Ask DN: To Bootstrap or Not to Bootstrap?

almost 7 years ago from

Finally getting around to putting my personal site up. The question is, should I start from scratch or go with Bootstrap?

I'm going with a single page portfolio site and I want to keep things simple. I have basic HTML/CSS/JavaScript knowledge, enough to where I can figure out how to get things going by browsing the web for a little help.

I'm leaning towards Bootstrap but I would like to hear some opinions.


  • Art VandelayArt Vandelay, almost 7 years ago

    I'm a firm believer in writing your own site. It promotes education and the ability to make something that looks unique to you.

    With that said though, I do understand the value of a framework as it's done a lot of the tediious work for someone.

    I agree with other folks in the thread that bootstrap could be a bit of an overkill. My 'favorite' framework is probably skeleton. It's really simple and you can build something out quickly.


    5 points
    • Ketan Anjaria, almost 7 years ago

      Double vouch for Skeleton. Much simpler and easier to get started on. Frameworks trick you into thinking you are learning HTML/CSS when really you are just learning the framework. Skeleton is very bare bones and easy to take apart.

      0 points
  • Geoff KimballGeoff Kimball, almost 7 years ago

    With regards to frameworks in general, I think they're worth using because, even if you don't use their bevy of pre-made UI components, they get the basics out of the way for you. A CSS normalize, responsive adjustments, good typography, etc. Also, a good framework allows you to quickly build a basic page layout, enabling you to get a good look at how your site will be structured, before getting into the nitty gritty of the visual design.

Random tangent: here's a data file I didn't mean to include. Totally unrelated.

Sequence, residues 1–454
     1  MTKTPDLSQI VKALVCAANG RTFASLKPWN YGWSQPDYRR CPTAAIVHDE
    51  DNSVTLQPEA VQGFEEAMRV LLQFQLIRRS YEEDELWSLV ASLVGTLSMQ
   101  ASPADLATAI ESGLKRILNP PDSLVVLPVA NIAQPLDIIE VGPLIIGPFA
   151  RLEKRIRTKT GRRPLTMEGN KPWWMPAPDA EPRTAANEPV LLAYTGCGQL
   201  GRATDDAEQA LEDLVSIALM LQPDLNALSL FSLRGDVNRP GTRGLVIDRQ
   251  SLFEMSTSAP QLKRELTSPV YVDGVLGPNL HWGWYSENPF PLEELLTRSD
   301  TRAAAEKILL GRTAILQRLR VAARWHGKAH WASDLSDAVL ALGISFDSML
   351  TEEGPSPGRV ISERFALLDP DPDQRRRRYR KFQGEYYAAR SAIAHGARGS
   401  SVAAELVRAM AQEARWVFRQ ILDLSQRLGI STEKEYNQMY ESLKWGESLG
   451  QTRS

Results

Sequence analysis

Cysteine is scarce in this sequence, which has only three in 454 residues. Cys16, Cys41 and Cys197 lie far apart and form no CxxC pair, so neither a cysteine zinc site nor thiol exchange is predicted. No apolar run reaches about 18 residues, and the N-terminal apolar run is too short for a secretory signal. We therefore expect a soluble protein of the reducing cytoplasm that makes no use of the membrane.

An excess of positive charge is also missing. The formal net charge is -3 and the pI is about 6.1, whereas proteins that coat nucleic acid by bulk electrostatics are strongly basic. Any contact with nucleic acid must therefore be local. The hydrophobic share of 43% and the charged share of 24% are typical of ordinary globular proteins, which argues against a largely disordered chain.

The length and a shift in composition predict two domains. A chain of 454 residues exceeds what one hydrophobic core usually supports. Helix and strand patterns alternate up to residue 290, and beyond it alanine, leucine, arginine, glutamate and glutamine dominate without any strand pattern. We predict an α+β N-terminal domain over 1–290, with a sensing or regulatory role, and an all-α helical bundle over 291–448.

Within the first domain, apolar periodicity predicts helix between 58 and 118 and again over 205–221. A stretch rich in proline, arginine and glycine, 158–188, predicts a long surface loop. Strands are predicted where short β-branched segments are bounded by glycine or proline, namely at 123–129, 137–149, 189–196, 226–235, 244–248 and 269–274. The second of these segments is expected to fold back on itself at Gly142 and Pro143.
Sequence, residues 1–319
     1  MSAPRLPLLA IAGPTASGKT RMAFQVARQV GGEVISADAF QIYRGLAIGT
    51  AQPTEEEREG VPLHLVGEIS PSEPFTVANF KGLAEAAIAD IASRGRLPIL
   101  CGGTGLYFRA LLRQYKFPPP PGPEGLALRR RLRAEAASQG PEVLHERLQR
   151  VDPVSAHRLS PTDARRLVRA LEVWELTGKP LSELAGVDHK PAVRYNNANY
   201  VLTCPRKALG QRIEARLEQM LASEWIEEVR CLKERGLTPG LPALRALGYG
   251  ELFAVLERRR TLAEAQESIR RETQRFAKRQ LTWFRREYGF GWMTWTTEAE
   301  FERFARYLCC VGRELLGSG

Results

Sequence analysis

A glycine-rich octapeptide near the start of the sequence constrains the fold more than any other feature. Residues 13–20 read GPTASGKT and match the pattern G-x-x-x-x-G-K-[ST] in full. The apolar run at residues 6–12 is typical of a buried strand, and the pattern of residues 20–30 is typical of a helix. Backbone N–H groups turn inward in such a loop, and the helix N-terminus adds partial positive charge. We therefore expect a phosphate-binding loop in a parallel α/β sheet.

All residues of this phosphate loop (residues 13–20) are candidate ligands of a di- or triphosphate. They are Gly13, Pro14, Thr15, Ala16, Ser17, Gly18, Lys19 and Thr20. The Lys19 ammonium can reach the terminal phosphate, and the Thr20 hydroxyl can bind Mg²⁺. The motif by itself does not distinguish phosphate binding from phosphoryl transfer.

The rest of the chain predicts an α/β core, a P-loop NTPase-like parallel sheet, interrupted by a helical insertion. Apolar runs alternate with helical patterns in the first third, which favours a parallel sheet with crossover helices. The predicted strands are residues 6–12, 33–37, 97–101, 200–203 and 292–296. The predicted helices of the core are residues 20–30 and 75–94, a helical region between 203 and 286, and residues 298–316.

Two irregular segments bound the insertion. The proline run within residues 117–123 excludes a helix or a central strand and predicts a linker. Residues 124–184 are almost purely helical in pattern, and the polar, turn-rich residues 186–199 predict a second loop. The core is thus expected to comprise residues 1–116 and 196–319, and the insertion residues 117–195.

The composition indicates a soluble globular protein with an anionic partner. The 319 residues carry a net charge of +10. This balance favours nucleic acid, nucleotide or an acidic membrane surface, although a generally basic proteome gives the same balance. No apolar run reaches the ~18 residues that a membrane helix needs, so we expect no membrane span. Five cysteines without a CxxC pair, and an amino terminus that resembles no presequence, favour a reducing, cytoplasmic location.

If you do use a framework, you need to download a customized version which only includes the features you need. Otherwise you'll be sacrificing load times to download code that you aren't even using.

    As far as specific frameworks, I'd recommend Foundation over Bootstrap. Broadly speaking these two frameworks do a lot of the same things: they give you a responsive grid, a collection of common UI elements (buttons, tables, forms, etc.), and some JavaScript plugins to make fun things like image galleries or modal windows.

    The fundamental difference between them is that Bootstrap is more "opinionated" than Foundation. You can built a nice, albeit generic-looking website with Bootstrap's default styles. Foundation is more vanilla by design, allowing you to build your own design on top of it.

    If you're interested here's their documentation: http://foundation.zurb.com/docs/ And their download customizer: http://foundation.zurb.com/download.php#customizeFoundation

    3 points
  • Michiel de GraafMichiel de Graaf, almost 7 years ago

    I'd say write it yourself if you know how to. Twitter Bootstrap is an overkill for one page.

    2 points
  • George ColtartGeorge Coltart, almost 7 years ago

    For a single page portfolio site bootstrap might be overkill. You should start with some framework though. I guess you need to decide what components you might need outside the core grid layouts.

    ie. do you need drop down menus, modal windows etc? If not then adding all the Bootstrap JS might not be needed.

    I havent used this but it's a stripped down very lightweight framework thats worth looking at: http://purecss.io/

    1 point
    • Per VPer V, almost 7 years ago (edited almost 7 years ago )

      "You should start with some framework though.", why should he use a framework, why not start from scratch?

      Chris, I don't know if you want to get more knowledge when it comes to HTML/CSS/JavaScript. But if you do, then I think creating your own portfolio is a great opportunity to try out things and experiment with HTML/CSS and JS. With that said, if you decide to go with Bootstrap or any other framework, CSS/JS will still be there for you to dive into...

      Good luck with whatever choice you make!

      1 point